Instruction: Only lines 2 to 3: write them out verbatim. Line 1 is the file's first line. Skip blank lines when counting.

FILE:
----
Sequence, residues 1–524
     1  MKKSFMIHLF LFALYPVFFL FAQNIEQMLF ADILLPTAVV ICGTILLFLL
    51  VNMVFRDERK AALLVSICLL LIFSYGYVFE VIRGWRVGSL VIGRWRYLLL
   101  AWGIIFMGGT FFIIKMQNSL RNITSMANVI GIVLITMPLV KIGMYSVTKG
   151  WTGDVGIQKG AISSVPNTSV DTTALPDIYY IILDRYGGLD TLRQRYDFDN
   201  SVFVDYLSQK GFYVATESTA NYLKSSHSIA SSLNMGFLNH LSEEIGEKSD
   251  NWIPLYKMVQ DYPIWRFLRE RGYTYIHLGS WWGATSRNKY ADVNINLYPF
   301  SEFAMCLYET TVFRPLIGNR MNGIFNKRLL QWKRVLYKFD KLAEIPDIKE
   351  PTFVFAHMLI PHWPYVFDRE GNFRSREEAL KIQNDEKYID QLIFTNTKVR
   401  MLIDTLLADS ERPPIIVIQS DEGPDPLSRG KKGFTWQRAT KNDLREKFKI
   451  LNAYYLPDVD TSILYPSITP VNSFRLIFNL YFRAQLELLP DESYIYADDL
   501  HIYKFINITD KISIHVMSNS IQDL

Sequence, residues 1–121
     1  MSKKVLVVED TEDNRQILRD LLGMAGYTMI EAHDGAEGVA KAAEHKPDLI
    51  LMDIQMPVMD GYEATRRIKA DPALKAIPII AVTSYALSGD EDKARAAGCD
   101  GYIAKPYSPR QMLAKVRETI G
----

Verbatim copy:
     1  MKKSFMIHLF LFALYPVFFL FAQNIEQMLF ADILLPTAVV ICGTILLFLL
    51  VNMVFRDERK AALLVSICLL LIFSYGYVFE VIRGWRVGSL VIGRWRYLLL